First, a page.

If you haven’t been before, do yourself a favour and put this festival in your little black book to attend.

Did I mention those insanely good organic donuts!

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                         “Sharing a Poncho”       © Sue Thomson 2014

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                                     “Oblivious of Butterflies”       © Sue Thomson 2014

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                                      “Bubble Mayhem”       © Sue Thomson 2014

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                      “Rainy Day Fashion”       © Sue Thomson 2014

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                              “Floral Overload”       © Sue Thomson 2014

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Ruby In The Landscape – Best Seat In The House

Community halls and showgrounds are the lifeblood of small country towns.  Folk travel from all around to gather and join in festivities such as the yearly agricultural show, rodeos, exhibitions and meetings.  A catch-up over a cup of tea and a lamington or a scone always goes down a treat.

Recently, Ruby and I took a drive to Allora, a small town in South Eastern Queensland on the Darling Downs.  It is best known for rich agricultural land, fields of sunflowers, and magnificent heritage buildings located in the main street.

Ruby checked out the grandstand at the showground and quickly found the best seat in the house.

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                                     “Best Seat In The House”       © Sue Thomson 2014

These grand old heritage buildings can take a lot of upkeep to maintain and I was pleased to be able to recently contribute to a fund-raising campaign aimed at restoring the 110-year-old grandstand at Camperdown Racecourse.   A fabulous documentary book called “Camperdown and It’s Cup” has been created by Andrew Chapman, Noel Butcher and Jaime Murcia and all proceeds from the book sales are being donated to restore the grandstand.  The book is a great read and  the images are amazing.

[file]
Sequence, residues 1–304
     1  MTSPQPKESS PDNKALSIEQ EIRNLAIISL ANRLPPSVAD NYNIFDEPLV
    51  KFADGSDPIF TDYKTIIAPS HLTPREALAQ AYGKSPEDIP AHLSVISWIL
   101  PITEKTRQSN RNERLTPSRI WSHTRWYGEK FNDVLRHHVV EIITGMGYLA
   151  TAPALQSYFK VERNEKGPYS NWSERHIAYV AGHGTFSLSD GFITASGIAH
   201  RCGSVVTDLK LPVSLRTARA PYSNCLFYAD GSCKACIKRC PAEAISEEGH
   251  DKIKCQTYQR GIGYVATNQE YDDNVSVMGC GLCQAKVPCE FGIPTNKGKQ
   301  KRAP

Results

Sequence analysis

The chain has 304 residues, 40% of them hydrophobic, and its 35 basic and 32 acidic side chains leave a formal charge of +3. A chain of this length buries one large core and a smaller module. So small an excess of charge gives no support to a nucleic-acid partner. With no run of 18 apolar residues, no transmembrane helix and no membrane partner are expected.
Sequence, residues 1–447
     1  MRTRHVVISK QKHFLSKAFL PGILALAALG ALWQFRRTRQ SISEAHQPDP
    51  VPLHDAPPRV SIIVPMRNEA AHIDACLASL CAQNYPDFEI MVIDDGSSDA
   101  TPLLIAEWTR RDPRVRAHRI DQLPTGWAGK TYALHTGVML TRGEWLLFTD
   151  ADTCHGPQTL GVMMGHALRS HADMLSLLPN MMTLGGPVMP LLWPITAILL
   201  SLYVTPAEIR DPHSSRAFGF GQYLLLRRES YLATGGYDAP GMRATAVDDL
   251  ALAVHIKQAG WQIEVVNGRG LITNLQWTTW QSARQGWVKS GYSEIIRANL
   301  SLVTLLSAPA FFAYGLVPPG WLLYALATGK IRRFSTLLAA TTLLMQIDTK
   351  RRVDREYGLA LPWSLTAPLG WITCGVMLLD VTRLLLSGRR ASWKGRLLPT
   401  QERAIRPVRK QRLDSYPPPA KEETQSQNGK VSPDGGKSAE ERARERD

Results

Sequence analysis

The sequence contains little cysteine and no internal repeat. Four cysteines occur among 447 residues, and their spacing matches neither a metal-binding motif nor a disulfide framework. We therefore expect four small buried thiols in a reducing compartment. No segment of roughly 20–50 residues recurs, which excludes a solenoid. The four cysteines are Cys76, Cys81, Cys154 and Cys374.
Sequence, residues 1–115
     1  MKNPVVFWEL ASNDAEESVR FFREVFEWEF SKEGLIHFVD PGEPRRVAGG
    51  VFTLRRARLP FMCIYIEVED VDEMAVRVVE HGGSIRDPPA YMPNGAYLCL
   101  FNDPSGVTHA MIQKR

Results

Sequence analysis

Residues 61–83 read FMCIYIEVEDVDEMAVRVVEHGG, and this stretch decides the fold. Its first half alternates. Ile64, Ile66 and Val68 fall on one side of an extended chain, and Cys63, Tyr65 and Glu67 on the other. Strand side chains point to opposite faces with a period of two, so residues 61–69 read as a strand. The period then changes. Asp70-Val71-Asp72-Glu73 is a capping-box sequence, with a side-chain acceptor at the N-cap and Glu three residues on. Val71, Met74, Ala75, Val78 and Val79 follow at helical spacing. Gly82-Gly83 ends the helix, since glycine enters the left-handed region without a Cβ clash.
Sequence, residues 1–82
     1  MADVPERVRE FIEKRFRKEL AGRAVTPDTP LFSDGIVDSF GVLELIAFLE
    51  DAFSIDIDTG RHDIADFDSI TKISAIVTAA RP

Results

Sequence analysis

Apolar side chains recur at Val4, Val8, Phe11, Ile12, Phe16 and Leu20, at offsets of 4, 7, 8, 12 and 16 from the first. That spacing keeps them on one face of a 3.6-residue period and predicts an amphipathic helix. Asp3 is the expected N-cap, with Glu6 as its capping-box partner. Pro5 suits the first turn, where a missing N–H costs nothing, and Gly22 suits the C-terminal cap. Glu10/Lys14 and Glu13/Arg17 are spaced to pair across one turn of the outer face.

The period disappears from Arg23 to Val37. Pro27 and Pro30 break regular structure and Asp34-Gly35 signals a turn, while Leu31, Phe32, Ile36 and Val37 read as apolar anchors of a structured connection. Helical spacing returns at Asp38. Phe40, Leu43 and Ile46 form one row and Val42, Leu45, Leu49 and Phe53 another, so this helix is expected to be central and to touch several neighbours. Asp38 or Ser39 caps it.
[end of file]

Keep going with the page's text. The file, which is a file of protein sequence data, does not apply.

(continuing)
Ruby is currently busy planning her next adventure into the landscape, so be sure to follow one of the links below to see where she will be heading next.

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Ruby In The Landscape – Admiring Emus

Our recent trip to the outback provided many new experiences for Ruby.  A close encounter with an emu at the Opal Caravan Park at Lightning Ridge provided excitement, and she got her art on by admiring the emus in John Murray’s very cool mural in the alleyway next to his gallery located in the main street.

Lightning Ridge is an iconic Australian outback town. It is truly fascinating, full of characters, mining memorabilia, and of course, the home of the beautiful black opal.

We only had time to stay overnight as we were destined for Broken Hill and Silverton, but we are already planning a trip for next year and look forward to capturing many more “Ruby in the Landscape” images.

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“Admiring Emus”       © Sue Thomson 2014

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The Ladies of Louth